There wasn’t.

The old fellow left, one unhappy camper.

The pastor survived and serves that church to this day (i.e., to the day I wrote this).  That deacon, however, after fuming for a year or more, was suddenly summoned home to meet the Lord of the Church (see Matthew 16:18) and give account of his stewardship.

There’s no record of how that visit went.

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Five facts about pastors many church members are unclear on

“Shepherd the church of God which He purchased with His own blood” (Acts 20:28).

In my experience, most pastors hesitate to teach the biblical understanding of the role of pastors because doing so might sound self-serving, as though they were trying to carve out a bigger role for themselves.  This is a serious error for which we are now paying as many congregations are turning the minister into a hired hand, employing him as an errand boy, or treating him as an executive brought in to lead their “country club.”

Pastor, preach the whole Word of God.  Be bold in declaring its truth.  Then, having done this, go forth and set new standards for humbly serving the congregation.  Let them see you leading by serving and no one will ever mind calling you their pastor and following you.  However, lord it over them and dominate the decisions and no one who knows his Bible will want to follow you.

What follows is the truth on the role of pastors as taught in Scripture. It’s not everything the Bible says, for this is but one simple article.  However, it cuts to the heart of the issues….

1) Pastors are called by God; they do not volunteer.

…He will send forth laborers into His harvest (Matthew 9:38).

Rise and stand on your feet; for I have appeared to you for this purpose, to make you a minister and a witness both of the things you have seen and the things which I will yet reveal to you (Acts 26:16).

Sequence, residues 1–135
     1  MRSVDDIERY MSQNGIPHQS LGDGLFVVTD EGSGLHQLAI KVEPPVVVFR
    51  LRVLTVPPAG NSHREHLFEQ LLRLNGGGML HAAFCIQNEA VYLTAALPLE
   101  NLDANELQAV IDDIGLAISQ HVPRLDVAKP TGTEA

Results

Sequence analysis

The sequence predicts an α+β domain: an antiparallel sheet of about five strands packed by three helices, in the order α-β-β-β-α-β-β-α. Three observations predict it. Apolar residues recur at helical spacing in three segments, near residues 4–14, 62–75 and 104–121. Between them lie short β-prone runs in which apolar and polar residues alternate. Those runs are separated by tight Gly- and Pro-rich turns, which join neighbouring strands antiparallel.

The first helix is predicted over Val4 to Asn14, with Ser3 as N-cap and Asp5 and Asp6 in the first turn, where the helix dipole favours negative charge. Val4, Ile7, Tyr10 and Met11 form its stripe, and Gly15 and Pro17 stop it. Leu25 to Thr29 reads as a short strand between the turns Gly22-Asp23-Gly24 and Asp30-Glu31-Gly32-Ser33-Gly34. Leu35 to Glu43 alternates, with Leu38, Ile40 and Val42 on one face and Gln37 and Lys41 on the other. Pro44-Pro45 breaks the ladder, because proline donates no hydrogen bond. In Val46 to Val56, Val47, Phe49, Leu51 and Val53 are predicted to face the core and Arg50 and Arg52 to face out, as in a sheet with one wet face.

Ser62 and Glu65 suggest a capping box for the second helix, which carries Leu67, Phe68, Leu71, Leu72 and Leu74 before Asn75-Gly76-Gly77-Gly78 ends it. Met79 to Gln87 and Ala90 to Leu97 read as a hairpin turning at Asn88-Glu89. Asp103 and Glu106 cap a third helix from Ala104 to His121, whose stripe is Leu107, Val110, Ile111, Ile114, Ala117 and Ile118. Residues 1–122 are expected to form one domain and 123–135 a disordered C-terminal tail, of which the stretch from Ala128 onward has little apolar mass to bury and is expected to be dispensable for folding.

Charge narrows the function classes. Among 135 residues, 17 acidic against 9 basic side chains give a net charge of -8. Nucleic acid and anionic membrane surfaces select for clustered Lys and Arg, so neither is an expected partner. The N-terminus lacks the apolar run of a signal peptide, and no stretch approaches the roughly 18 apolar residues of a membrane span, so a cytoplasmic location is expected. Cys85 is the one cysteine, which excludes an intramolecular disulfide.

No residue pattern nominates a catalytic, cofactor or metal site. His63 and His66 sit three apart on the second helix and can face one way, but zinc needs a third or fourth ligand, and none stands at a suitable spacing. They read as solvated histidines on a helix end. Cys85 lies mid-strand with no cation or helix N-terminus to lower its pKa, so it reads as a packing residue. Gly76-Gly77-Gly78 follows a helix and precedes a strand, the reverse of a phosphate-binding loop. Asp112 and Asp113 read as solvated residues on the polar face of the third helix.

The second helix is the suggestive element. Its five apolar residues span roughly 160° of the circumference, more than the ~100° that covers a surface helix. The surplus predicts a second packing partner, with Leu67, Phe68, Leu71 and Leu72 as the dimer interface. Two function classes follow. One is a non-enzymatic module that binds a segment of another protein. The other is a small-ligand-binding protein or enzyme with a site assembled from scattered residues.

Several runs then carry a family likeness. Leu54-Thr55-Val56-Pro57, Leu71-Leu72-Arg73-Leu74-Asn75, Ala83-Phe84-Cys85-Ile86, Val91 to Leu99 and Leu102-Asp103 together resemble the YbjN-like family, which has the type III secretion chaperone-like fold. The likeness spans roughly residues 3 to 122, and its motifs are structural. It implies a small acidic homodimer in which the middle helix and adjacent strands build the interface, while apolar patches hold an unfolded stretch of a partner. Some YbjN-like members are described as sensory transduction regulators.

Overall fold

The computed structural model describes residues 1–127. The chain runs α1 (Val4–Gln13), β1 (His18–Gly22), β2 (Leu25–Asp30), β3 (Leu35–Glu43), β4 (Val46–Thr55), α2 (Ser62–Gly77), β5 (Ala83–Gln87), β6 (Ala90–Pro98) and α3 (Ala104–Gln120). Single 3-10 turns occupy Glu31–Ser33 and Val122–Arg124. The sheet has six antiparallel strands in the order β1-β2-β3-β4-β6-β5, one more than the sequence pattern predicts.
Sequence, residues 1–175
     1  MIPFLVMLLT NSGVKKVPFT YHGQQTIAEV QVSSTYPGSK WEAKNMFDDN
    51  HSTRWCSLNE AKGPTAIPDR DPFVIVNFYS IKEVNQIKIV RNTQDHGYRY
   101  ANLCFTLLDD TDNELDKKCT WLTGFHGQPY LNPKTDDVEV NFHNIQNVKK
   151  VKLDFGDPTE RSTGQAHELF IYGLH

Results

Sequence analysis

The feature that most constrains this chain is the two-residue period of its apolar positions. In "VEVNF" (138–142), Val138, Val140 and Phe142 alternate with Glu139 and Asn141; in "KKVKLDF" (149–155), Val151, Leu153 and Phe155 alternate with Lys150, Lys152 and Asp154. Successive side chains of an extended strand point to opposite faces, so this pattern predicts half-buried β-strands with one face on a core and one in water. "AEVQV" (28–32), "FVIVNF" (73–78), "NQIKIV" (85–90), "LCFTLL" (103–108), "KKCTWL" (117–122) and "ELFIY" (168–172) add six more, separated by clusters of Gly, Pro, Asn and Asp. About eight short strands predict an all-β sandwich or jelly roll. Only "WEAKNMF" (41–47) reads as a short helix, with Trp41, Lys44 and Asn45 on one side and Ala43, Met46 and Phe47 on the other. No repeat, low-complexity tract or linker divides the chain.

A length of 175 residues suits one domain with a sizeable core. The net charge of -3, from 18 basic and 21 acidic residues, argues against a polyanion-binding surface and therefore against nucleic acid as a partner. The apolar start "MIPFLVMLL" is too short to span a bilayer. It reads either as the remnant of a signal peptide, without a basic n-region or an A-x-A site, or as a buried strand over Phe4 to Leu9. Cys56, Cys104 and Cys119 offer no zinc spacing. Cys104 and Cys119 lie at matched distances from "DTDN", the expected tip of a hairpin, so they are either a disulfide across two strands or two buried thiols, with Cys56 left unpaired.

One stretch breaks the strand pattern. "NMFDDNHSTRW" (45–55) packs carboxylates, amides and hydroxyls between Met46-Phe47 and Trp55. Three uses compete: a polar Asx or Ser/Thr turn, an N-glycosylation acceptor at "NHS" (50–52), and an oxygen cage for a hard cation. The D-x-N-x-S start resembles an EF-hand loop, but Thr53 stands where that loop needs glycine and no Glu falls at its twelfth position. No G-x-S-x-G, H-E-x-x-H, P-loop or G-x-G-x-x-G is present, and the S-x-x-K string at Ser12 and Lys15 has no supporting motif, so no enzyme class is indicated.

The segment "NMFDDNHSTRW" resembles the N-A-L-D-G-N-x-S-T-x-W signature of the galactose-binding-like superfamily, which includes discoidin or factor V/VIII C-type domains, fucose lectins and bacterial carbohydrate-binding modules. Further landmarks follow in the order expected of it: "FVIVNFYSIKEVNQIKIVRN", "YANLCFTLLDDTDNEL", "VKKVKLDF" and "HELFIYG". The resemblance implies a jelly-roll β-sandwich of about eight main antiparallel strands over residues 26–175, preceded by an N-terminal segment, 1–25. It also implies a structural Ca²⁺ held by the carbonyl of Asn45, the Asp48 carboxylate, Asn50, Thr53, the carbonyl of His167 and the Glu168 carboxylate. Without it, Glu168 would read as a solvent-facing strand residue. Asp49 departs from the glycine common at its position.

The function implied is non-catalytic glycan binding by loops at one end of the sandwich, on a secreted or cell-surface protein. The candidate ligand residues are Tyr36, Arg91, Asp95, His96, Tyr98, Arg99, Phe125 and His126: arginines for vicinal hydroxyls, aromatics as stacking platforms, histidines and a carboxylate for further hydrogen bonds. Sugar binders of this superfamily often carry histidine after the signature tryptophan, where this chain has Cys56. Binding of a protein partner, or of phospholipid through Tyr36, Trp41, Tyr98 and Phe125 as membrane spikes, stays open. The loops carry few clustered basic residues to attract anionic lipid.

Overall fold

The Holy Spirit said, ‘Now separate to Me Barnabas and Saul for the work to which I have called them’ (Acts 13:2).

Volunteers in the pastoral ministry do not usually last.  Those choosing this as a “nice career” or respectable vocation will either bail out for something more reasonable, more profitable, or more doable, or they will twist the pastoral ministry into something more suited to their taste.

The work is impossible.  The demands are incessant.  The expectations are unending.

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It’s the little things about pastoring that drive ministers to early graves.

…there is the daily pressure on me of concern for all the churches (2 Corinthians 11:28).

Pastoring God’s people can be exhausting.

Even when you do your best to serve God by ministering to His people, some are not going to give you the benefit of the doubt on anything nor forgive you for not living up to their impossible expectations.

You didn’t do it their way, weren’t there when they called, didn’t jump at their bark. They don’t like the way you comb your hair, your wife did not speak to them in the grocery, your children are just too perfect.

Such members are the exceptions, true. I say that to those who wonder why we overlook the 98 percent of healthy members and focus on the two percent who drive us batty.  It’s the two percent of drivers who are the crazies on the highways and ruin the experience for everyone else.  It’s the two percent of society who require us to maintain a standing police force to protect the citizenry.  Rat poison, they say, is 98 percent corn meal.  But that two percent will kill you.